The Big Trip: Cape Reinga

We headed out from Paihia on our day trip to Cape Reinga early the day following our boat tour.  The trip was included as part of our Kiwi Experience pass but was provided by Fullers.

Our first stop of the day was the Puketi Kauri Forest for a quick bushwalk around the rainforest.  Kauri forests are amongst the oldest in the world and the kauri trees are one of New Zealand’s largest tree species.



Our next stop was at Cape Reinga itself. It is the northwestern most tip of the North Island and has special significance in the Māori culture as it is the place where all the spirits of the dead enter the underworld. The cape also marks the point where the Tasman Sea meets the Pacific Ocean and you can see the seas clash just off the coast by the lighthouse.




After a spot of lunch our next stop was to drive off road along the Te Paki Stream to the sand dunes. It was certainly a new experience to drive through a sandy stream in a coach! Sand Boarding was definitely an exciting experience. The premise is you grab a boogie board and launch yourself down the sand dune, holding on for grim death whilst trying to steer and control your speed with your feet. Our group stopped at one of the largest dunes which meant we had an exhausting hike to the top before we’d even started. The boarding element was actually relatively easy and really good fun; we’d initially thought we’d fall off and break our necks but we both walked away unscathed. A few fitter members of our group managed to do upwards of five runs but we only managed to go twice. If it wasn’t such a hike back to the top, we would have probably done more.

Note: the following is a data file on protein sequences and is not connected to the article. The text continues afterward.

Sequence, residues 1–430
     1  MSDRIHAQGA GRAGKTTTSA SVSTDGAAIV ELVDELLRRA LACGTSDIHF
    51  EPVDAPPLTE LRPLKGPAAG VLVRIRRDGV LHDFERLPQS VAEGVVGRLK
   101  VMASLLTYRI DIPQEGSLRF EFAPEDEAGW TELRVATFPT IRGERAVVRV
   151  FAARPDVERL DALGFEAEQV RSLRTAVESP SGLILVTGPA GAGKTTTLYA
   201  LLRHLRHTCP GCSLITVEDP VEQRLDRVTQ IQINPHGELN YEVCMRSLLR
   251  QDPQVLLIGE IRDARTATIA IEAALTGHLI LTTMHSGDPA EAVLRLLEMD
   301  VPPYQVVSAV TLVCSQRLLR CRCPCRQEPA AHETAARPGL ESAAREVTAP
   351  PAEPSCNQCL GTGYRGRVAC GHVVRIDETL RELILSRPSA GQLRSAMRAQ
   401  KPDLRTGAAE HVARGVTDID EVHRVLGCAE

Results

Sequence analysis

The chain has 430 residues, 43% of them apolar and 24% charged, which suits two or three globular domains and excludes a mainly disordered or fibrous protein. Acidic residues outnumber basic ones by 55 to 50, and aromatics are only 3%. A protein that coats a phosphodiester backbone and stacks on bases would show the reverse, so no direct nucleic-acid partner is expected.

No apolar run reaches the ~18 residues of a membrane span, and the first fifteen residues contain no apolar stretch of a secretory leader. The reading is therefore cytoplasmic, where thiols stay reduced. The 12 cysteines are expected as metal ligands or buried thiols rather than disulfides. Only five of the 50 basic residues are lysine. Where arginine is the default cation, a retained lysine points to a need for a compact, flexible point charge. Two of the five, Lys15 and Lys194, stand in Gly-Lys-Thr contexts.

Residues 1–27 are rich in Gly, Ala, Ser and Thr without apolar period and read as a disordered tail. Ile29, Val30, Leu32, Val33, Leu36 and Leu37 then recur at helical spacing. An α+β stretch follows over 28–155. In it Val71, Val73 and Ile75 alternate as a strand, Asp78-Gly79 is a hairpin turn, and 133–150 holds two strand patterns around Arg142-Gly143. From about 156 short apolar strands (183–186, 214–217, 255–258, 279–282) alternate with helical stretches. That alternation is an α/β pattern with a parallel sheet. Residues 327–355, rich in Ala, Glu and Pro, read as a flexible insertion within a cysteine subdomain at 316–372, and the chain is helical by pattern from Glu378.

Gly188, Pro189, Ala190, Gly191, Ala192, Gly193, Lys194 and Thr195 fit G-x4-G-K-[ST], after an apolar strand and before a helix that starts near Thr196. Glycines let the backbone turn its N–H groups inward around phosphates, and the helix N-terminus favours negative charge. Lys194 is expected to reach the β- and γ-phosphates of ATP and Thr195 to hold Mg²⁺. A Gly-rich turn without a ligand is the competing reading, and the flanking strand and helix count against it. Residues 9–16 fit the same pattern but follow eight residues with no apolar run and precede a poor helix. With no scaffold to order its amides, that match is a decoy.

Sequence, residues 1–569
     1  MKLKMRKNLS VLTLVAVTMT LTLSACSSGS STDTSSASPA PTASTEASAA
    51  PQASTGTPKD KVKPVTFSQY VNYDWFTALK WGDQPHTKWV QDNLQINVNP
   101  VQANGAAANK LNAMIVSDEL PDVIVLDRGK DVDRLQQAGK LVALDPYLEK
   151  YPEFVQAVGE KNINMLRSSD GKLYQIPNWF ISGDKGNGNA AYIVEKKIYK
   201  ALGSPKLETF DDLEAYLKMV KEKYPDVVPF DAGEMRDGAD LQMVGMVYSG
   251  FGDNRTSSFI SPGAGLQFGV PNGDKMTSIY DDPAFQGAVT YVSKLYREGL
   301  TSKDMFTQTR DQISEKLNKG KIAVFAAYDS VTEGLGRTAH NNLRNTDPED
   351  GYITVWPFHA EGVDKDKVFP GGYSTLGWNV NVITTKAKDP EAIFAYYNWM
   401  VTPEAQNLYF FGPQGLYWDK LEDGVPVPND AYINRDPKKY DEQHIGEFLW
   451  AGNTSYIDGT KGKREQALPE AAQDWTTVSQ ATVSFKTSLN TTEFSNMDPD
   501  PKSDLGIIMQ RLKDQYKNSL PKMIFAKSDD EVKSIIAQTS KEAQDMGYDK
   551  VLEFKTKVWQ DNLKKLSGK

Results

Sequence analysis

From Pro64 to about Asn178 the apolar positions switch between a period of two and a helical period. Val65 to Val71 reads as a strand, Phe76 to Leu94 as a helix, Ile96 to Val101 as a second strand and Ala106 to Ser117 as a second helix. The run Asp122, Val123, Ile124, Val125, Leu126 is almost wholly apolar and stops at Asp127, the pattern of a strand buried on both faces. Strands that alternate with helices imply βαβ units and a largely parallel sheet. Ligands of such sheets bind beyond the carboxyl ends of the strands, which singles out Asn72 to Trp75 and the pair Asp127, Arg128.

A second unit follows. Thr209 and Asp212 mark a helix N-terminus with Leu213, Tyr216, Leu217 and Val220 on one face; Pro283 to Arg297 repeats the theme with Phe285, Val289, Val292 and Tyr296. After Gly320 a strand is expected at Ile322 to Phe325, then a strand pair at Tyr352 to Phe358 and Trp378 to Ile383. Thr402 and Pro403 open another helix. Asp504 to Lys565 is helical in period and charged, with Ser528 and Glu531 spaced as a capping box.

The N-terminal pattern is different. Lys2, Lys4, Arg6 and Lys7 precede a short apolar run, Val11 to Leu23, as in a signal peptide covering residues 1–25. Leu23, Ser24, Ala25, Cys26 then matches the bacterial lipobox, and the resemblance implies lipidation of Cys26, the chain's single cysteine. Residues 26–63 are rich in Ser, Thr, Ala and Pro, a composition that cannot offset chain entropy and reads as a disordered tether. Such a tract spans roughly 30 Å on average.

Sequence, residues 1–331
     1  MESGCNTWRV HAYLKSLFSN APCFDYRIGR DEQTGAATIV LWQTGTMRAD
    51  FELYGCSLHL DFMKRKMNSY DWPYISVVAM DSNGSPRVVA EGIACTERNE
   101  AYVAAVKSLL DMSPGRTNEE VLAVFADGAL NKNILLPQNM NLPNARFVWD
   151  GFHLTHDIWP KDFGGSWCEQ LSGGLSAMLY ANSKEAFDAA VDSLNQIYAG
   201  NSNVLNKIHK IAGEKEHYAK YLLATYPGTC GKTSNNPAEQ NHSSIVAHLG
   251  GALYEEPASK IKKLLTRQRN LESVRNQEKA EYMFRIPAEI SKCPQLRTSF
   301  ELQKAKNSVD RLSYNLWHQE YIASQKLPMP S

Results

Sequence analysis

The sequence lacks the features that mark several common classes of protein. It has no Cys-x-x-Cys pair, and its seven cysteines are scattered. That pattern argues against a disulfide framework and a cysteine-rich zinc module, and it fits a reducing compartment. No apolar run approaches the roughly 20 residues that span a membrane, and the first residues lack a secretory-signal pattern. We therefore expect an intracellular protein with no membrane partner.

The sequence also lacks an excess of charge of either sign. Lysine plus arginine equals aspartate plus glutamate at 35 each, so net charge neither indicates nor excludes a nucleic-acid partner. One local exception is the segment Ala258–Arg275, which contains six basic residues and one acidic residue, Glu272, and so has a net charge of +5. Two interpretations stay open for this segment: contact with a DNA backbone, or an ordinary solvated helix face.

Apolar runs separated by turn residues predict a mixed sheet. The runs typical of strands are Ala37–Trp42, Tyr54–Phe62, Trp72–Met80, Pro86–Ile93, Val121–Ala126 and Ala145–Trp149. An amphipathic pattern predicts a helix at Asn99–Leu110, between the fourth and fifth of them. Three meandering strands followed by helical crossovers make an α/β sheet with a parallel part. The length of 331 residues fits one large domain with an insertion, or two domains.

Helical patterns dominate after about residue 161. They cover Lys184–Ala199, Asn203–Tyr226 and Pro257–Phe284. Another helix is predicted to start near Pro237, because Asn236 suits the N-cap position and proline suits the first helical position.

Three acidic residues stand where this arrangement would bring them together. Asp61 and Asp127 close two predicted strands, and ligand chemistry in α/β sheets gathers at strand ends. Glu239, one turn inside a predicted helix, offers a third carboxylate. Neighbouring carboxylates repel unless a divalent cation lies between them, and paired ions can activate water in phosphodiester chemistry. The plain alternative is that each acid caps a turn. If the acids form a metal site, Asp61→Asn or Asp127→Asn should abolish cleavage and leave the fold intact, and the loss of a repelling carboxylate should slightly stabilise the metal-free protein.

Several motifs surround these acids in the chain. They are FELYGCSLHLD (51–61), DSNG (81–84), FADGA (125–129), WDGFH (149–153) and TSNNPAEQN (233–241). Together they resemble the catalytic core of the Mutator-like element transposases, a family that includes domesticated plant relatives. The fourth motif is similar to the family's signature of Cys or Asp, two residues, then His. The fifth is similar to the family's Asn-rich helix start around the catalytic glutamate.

The final part of our trip, before heading back to Paihia, was to drive along the Ninety Mile Beach.  The beach is actually only 55-miles long and once featured on Top Gear!  We were lucky enough to see a couple of Blue Penguins, they looked absolutely shattered just lying on the beach.


We stopped at Ancient Kauri Kingdom on the way back to get the bus cleaned and to have a look at the kauri furniture.  They had an enormous spiral staircase made out of the trunk of a kauri tree, yours for the reasonable price of USD$2.5million!

If you haven’t seen it already, be sure to check out our video of the day here.


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